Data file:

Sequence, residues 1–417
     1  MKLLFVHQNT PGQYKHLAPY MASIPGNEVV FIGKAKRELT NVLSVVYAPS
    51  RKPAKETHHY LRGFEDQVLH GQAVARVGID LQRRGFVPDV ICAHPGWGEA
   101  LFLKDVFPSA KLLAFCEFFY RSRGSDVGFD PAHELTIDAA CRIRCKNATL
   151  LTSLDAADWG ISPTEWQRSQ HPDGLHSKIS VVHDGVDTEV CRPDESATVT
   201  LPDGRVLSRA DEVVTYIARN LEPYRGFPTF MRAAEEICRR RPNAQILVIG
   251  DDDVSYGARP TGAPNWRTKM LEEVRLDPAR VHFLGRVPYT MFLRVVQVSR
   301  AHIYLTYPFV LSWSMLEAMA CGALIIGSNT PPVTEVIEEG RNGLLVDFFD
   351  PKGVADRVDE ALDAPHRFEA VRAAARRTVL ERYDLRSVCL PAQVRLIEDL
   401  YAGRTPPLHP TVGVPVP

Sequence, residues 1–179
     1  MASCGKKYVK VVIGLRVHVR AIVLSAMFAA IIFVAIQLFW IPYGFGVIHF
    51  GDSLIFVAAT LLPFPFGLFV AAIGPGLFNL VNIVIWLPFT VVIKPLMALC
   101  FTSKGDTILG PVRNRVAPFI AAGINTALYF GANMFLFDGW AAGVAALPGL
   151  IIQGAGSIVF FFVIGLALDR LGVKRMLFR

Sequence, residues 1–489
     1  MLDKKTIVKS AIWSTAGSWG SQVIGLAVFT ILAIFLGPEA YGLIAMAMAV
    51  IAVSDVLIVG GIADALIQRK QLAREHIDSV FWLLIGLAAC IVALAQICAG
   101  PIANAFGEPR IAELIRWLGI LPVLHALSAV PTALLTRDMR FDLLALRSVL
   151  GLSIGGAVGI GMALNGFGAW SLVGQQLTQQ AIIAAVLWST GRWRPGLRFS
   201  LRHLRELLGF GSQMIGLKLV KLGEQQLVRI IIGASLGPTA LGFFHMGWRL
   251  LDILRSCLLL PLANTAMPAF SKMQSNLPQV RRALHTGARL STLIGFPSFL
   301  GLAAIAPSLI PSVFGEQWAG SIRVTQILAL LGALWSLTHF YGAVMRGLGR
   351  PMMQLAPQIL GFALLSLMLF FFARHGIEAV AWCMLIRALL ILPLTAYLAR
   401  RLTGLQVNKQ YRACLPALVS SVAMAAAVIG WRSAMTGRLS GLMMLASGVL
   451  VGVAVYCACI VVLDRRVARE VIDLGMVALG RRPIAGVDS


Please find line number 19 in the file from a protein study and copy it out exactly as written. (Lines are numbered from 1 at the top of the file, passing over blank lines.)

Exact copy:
   101  PIANAFGEPR IAELIRWLGI LPVLHALSAV PTALLTRDMR FDLLALRSVL